Be an Actor, Not a Reactor

Today I want to link two concepts together to create a powerful twist on the old adage “Be an actor, not a reactor.”  I love reading about brain research and understanding how we learn.  It seems our brain is constantly making connections between things that we are learning with things that we know.  First let’s talk a bit more about our brain and then apply that concept to our everyday work life.

Mirror Neurons

In the early 1990’s a neuroscientist named Giacomo Rizzolatti and some of his graduate students discovered “mirror neurons” while scanning the brain activity of a monkey. [1]  Subsequent research has suggested that these mirror neurons may help us choose an appropriate response to behaviors that we observe. [2]

Rizzolatti’s discovery has spawned scores of research regarding the applications of behavior mirroring.  One interesting study was highlighted in a ScienceDaily.com article that is titled, ”Mirroring” Might Reflect Badly On You. [3]  In this study, Piotr Winkielman and his team contrived various experiments where observers evaluated an interviewee on characteristics such as  general competence, trustworthiness and likability.  In some experiments, the interviewee mimicked the interviewer and in some they did not.  As a result of this study, they concluded that:

“It is not merely interacting with negatively perceived people that has a social cost; you pay a price for aligning with them through body language.” [3]

Personal Branding Defined

Kaplan Mobray, in his book The 10Ks of Personal Branding defines personal branding as:

The ability to deliberately use attributes that demonstrate your capability to manage the expectations one will receive from an encounter with you. [4]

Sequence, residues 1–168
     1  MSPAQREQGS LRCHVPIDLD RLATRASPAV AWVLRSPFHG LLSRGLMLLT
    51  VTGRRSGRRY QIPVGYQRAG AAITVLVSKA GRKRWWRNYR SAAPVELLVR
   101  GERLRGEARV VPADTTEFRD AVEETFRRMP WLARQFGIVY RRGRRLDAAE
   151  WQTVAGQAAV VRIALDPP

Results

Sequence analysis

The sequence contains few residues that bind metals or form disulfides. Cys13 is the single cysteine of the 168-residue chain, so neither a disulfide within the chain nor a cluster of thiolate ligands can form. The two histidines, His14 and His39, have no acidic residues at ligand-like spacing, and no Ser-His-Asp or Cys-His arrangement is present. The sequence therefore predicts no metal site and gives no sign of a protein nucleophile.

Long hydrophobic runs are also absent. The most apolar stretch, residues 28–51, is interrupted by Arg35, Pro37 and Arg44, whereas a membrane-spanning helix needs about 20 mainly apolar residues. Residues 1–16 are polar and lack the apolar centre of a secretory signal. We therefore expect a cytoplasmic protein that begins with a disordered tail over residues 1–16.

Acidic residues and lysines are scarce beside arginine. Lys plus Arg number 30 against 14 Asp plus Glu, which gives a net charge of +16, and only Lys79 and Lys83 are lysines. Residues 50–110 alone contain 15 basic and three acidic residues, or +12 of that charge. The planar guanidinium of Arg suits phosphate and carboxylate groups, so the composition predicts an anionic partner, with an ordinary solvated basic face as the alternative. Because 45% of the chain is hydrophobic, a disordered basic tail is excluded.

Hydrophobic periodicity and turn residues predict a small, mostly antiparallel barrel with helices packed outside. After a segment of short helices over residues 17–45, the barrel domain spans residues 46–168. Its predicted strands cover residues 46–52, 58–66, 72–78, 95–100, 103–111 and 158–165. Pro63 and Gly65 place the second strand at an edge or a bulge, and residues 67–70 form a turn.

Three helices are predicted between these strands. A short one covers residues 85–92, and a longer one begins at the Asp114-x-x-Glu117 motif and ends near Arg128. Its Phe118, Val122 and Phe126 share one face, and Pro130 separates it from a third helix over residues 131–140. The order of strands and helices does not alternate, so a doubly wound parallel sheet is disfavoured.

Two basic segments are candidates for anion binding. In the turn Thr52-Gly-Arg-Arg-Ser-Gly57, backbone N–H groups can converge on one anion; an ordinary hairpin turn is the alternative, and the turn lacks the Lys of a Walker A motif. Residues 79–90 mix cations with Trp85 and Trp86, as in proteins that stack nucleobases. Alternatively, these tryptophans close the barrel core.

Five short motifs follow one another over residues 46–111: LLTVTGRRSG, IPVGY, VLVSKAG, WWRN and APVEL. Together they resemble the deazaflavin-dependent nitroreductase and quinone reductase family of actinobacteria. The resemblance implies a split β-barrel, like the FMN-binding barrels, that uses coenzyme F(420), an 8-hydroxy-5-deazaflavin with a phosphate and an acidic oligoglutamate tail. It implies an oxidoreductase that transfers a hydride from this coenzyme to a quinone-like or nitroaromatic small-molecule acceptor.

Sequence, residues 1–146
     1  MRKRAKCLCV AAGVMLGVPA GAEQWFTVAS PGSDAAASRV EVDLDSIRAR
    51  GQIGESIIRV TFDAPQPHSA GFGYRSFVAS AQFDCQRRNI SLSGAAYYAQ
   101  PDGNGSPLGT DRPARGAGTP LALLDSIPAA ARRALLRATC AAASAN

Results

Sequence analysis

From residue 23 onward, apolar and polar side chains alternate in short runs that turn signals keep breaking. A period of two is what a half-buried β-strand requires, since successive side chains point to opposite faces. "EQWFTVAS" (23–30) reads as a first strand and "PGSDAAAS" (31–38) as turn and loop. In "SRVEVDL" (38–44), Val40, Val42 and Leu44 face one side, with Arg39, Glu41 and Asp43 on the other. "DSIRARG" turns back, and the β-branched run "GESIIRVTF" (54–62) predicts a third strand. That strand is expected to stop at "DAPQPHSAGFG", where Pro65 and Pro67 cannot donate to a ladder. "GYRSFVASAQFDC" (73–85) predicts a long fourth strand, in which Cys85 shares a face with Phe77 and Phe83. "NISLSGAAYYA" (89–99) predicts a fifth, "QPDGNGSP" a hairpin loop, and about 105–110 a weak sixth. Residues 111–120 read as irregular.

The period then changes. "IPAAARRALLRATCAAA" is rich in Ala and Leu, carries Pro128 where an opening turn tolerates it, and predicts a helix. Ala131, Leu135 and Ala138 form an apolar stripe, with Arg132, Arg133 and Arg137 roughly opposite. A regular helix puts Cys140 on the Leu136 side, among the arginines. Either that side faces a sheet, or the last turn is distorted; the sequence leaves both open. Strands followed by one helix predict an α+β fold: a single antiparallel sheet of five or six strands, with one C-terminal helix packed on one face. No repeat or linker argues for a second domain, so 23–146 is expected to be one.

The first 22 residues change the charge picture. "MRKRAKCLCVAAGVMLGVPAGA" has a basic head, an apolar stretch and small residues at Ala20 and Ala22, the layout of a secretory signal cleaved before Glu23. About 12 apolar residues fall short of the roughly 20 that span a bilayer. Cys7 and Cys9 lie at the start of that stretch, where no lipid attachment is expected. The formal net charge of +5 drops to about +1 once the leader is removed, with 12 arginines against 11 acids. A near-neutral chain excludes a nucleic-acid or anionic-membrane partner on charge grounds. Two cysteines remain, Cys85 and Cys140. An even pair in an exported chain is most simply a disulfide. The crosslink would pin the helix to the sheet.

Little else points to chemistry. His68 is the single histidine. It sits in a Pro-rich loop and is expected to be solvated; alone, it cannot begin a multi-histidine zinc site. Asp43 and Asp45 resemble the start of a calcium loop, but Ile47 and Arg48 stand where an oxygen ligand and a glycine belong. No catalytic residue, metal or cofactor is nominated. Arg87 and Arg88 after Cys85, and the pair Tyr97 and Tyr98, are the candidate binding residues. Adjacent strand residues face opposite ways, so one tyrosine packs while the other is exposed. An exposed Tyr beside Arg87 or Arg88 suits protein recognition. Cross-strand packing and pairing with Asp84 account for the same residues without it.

If you contrast the lessons learned from Winkielman’s study on mirroring with Mobray’s definition of branding, it becomes quite clear that the proactive choice is to control the frame [5] of each and every important encounter.   The default posture is to emulate the moods and body language of those around us.  To take the road less traveled, one must intentionally exude a sense of purpose and a sense of destiny.  Once a person has worked through these life questions for themselves, it will be apparent to others.  Your body language will also be congruent as well and it is highly likely that others will start to mirror you.

To remind myself of these principles, I keep the following quote near my desk:

“People are buying only one thing from you: the way the engagement (hiring you, working with you, dating you, using your product or service, learning from you) makes them feel.”
– Seth Godin

 

References

[1] http://www.scientificamerican.com/article.cfm?id=mirroring-behavior

[2] http://www.sciencemag.org/content/324/5925/403.abstract

[3] http://www.sciencedaily.com/releases/2011/07/110728103139.htm

[4] Book: The 10Ks of Personal Branding

[5] http://pitchanything.com/oren-talks-about-frame-control/

 

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